# What happens in this thought experiment?

• yuiop
So if you have two vertical polarisers perpendicular to each other and an entangled photon passes through the middle one, the entanglement is definitely broken. But the wave function has not completely collapsed, so there is still a small chance (50%) that an H polarization will be detected on the side of the polariser that the entangled photon passed through.

#### yuiop

Let us say we have a type I source of entangled photons (so that we get a positive correlation if the polarising analysers are aligned). After leaving the source both photons are passed through a vertical polarising filter and continue in opposite directions. Anne is closer to the source and has a polarising analyser orientated at 45 degrees to the vertical. Bob is in the opposite direction and further away from the source than Anne. Bob's analyser is horizontally orientated. Ordinarily without entanglement, we would expect Bob to make no positive detections at his horizontal analyser, because the photons going towards him have already passed through a vertical polariser. However, since his polariser is orientated at 45 degrees relative to Anne's polariser, the entangled expectation is that Bob will get a 50% correlation with the positive detections made by Anne. The problem is that Anne could signal super-luminally to Bob by rotating her analyser. How is this situation avoided? Does placing two vertical polarisers near the source destroy the entanglement?

Yes to your last statement. Polarizers are "measurement devices" and therefore destroy the entaglement.

Matterwave said:
Yes to your last statement. Polarizers are "measurement devices" and therefore destroy the entaglement.
O.K. maybe someone can help me with the terminology here. When one particle passes through a polariser, its entanglement connection to the other particle is lost, but has it de-cohered? Its vertical polarisation component has been determined (for both particles at this stage) but the horizontal component of the polarisation is still indeterminate so the photons are still (partially) in a state of superposition and the wave function has not completely collapsed at this point. Is that about right?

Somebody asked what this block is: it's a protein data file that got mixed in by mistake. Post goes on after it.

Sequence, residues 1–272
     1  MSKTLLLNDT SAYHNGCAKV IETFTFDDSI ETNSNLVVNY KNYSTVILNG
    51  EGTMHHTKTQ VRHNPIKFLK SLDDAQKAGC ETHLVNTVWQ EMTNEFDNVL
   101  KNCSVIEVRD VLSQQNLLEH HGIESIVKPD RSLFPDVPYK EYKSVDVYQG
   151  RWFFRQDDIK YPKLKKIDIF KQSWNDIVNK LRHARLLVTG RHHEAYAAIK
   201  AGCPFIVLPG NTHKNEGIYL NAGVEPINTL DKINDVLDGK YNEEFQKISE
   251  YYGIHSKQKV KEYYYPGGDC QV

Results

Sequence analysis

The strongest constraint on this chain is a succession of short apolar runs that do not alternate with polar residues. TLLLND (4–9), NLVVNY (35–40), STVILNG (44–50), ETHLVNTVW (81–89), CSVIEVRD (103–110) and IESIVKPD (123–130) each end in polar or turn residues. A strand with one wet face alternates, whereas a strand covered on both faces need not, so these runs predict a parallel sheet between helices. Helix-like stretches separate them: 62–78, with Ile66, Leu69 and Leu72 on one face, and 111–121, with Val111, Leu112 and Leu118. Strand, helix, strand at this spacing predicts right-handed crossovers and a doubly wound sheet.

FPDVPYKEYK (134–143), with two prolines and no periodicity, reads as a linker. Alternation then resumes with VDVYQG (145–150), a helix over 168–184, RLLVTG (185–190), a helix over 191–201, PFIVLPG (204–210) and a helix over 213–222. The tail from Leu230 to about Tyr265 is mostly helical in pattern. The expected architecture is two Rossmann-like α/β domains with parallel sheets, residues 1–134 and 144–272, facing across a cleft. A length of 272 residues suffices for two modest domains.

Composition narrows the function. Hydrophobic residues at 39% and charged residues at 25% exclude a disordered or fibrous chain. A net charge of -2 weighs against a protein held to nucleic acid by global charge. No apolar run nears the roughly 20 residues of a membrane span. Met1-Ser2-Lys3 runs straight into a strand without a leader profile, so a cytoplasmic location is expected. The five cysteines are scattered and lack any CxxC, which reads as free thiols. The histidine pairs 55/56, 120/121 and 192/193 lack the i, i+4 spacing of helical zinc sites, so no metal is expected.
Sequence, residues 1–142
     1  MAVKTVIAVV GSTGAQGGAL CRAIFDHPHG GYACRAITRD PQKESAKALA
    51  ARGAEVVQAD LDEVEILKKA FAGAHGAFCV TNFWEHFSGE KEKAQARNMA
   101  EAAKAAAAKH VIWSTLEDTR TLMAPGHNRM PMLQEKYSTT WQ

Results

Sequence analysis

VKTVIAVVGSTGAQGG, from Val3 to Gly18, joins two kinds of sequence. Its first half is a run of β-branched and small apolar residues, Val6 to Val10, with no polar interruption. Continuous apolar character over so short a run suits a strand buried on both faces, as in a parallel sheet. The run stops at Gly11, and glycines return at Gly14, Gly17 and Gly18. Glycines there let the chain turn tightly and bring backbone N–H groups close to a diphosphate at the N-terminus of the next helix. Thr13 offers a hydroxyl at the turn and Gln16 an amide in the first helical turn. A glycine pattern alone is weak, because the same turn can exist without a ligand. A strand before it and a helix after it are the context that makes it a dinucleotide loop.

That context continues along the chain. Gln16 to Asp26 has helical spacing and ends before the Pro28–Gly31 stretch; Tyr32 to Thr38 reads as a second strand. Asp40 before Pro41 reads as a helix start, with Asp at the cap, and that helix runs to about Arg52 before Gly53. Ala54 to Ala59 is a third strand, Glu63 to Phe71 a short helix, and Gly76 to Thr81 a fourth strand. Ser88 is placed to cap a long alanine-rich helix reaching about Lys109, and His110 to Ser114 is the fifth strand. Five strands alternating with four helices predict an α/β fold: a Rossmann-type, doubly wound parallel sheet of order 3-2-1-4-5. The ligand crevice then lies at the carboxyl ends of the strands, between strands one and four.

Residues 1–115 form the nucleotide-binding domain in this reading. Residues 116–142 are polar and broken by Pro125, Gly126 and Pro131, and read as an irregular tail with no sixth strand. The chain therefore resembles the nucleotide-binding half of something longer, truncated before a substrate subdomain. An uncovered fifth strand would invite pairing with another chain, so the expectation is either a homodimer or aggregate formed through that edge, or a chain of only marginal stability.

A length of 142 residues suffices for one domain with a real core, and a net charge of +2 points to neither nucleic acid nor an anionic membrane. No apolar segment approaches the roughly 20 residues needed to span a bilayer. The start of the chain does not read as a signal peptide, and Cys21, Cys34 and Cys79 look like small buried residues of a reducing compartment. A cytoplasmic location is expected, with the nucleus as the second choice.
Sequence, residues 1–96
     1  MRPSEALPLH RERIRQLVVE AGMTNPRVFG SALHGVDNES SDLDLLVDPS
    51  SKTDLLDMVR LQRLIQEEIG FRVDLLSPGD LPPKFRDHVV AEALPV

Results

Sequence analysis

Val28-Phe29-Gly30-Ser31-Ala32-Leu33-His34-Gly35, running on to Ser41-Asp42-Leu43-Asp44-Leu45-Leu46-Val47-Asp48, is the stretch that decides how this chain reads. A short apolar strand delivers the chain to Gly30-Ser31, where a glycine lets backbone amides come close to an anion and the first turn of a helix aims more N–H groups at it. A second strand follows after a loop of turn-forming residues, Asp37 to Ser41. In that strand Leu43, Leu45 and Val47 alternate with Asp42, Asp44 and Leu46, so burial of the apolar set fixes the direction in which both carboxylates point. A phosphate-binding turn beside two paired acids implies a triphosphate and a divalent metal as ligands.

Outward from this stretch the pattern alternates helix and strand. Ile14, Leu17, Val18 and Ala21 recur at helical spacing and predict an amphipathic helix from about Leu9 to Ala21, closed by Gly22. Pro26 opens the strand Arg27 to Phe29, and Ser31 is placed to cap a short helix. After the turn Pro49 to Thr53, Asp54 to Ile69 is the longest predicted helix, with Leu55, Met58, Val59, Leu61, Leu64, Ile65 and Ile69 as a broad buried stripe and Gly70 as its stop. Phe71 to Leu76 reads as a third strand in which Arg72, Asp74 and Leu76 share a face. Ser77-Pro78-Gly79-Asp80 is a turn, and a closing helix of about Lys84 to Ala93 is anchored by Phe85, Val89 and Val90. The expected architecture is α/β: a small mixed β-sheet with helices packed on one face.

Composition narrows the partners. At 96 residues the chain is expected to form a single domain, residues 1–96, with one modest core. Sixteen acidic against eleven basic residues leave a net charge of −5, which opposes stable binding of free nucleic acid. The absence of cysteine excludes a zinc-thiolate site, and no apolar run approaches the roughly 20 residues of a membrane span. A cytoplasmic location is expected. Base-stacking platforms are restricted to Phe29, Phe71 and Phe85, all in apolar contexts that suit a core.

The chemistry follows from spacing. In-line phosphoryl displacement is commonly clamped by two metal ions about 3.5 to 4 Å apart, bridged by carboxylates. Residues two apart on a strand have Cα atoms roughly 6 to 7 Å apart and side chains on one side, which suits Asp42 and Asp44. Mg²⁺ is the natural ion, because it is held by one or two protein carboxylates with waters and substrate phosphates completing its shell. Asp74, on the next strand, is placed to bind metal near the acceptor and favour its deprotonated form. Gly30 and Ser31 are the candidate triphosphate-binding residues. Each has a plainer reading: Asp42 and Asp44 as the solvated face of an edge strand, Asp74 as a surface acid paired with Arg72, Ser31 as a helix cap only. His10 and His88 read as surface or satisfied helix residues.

Now, if I may, I would like to alter the experiment slightly. Let us say we have only one vertical polariser close to the source of entangled photons on the path to Bob's detectors which are from from the source. Again, Bob's polarising detector is horizontal and he should make no detections on his side. When an entangled photon passes through the vertical polariser on Bob's side the vertical component of the photon on Anne's side is fixed, but the horizontal component is superimposed. Anne's detector polariser is orientated at 45 degrees to the vertical, so she has a 50% probability of making a positive detection on her side if a vertically polarised photon goes towards Bob. Presumably Bob still does not make any positive detections? I am trying to understand where breakdown of entanglement and breakdown of wave function/ superposition occur, but this thought experiment seems to indicate that they do not happen at the same place. Any thoughts welcome .

yuiop said:
O.K. maybe someone can help me with the terminology here. When one particle passes through a polariser, its entanglement connection to the other particle is lost, but has it de-cohered? Its vertical polarisation component has been determined (for both particles at this stage) but the horizontal component of the polarisation is still indeterminate so the photons are still (partially) in a state of superposition and the wave function has not completely collapsed at this point. Is that about right?

The issue you are having relates to a small misunderstanding of photon spin components. H and V are essentially the same thing, except they are opposite. So a V polarized photon is H determinate. A 45 degree component is completely non-commuting in the sense you are considering. Both a V polarized photon and an H polarized photon are completely indeterminate at 45 degrees.